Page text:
Fox News Texts Show Long History of Ideological Media

Historians in the News
tags: Fox News, media, Donald Trump, 2020 Election, Tucker Carlson, Rupert Murdoch

Not long after Fox News correctly called the 2020 presidential election for Joe Biden, a senior Fox Corp. executive privately lamented that the network’s brand was “under heavy fire from our customer base.” The executive suggested Fox viewers might “feel like they have been somehow betrayed.”

This fear — that viewers might see telling the truth about Donald Trump’s loss as betrayal — was widespread inside the network, according to newly released texts among Fox News figures. In the texts, they fumed that candor about 2020 was driving the audience away, prompting viewers to defect to competitors who offered a more comforting cocoon. On the air, some of those personalities kept doling out what they privately admitted were lies.

This is one of the most extraordinary scandals to ever buffet a major American network. But it also points to an even bigger story: The right wing media’s long war on the truth. For decades, conservative media outlets have expressly sought to build and capture an audience that would accept only their version of events, and would be cordoned off to place them beyond the reach of mainstream news sources entirely.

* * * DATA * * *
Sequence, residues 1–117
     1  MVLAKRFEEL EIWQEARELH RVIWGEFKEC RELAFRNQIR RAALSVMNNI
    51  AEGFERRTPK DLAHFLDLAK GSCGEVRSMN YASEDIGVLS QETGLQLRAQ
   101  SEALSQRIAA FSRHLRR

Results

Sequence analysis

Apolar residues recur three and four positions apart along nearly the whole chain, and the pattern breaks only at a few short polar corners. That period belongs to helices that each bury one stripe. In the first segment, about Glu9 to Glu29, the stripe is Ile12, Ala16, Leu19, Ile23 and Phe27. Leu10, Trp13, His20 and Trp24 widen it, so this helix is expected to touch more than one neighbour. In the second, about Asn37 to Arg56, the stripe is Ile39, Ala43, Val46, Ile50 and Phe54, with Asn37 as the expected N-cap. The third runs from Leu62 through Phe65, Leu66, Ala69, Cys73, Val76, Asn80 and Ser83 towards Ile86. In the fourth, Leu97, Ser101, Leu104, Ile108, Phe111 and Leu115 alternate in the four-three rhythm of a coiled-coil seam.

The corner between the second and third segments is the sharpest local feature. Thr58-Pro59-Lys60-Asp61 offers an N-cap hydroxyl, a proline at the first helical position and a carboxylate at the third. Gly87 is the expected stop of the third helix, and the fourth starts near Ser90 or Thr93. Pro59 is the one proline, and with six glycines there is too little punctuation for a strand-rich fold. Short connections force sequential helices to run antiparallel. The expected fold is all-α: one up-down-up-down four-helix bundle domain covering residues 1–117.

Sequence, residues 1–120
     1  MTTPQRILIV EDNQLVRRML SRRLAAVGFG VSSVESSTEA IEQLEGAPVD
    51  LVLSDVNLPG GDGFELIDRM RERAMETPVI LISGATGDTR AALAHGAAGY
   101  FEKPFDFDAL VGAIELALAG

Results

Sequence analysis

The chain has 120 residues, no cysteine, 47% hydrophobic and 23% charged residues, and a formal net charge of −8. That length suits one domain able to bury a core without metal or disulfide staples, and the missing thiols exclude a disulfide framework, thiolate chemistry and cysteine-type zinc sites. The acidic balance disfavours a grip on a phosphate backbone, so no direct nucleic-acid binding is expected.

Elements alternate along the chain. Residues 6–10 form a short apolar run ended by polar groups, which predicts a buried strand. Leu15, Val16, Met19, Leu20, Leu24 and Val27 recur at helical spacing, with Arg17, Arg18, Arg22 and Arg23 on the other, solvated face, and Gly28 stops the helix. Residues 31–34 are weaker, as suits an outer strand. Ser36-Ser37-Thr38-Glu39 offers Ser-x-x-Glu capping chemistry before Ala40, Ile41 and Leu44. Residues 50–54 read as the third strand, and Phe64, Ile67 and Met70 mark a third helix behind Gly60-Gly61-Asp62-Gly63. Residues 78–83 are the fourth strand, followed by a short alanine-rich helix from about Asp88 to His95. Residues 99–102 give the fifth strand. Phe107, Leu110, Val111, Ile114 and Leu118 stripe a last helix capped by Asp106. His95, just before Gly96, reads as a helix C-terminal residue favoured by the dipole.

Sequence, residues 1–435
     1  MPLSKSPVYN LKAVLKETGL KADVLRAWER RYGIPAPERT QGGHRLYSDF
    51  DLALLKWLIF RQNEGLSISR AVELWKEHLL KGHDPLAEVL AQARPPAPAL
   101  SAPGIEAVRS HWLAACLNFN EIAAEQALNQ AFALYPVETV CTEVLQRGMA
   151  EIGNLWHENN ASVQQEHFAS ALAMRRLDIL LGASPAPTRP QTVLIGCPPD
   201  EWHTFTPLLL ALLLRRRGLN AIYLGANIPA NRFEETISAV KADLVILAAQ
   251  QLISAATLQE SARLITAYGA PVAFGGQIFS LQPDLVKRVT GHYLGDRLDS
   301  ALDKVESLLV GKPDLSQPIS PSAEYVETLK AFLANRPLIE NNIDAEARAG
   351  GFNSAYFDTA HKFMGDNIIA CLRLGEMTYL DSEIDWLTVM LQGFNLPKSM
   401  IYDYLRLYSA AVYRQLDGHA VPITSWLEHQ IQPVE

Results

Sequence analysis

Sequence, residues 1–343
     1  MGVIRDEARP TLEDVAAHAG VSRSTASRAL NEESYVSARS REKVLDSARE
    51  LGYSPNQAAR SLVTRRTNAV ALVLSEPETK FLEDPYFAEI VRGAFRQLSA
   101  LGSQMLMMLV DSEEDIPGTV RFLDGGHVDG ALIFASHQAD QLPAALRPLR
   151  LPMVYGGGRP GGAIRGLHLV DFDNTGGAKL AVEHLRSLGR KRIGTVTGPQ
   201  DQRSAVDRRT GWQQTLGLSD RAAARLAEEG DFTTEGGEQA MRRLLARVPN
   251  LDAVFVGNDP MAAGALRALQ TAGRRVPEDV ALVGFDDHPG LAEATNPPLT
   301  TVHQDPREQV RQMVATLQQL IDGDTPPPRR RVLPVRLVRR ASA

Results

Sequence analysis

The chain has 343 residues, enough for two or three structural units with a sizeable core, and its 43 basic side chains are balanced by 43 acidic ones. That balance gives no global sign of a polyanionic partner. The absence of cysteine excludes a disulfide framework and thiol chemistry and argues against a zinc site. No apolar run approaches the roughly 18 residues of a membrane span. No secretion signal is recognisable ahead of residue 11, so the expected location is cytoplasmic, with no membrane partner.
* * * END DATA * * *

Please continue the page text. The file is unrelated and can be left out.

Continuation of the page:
“Right wing media have been engaged in a 70-year project to ensure that their audiences only trust conservative news outlets,” Nicole Hemmer, who tells this story in “Messengers of the Right,” her excellent history of conservative media, told me. “They’ve worked to discredit other sources of more-objective information, so that their audiences are unwilling to trust outlets more rooted in reality.”

The success of this project is illustrated by the texts, which were released as part of Dominion Voting Systems’ defamation suit against Fox News. For instance, the network’s accurate call of Arizona for Biden came in for special fury among hosts Tucker Carlson, Laura Ingraham and Sean Hannity, as The Post reports:

“We are all officially working for an organization that hates us,” Ingraham wrote in one text thread with Carlson and Hannity.

In another, in mid-November 2020, as they watched Fox viewers flip to more conservative upstart channels, Ingraham wrote to the group, “My anger at the news channel is pronounced.”

In short, the hosts saw the truth as a threat to their hold on their viewers.

Read entire article at Washington Post

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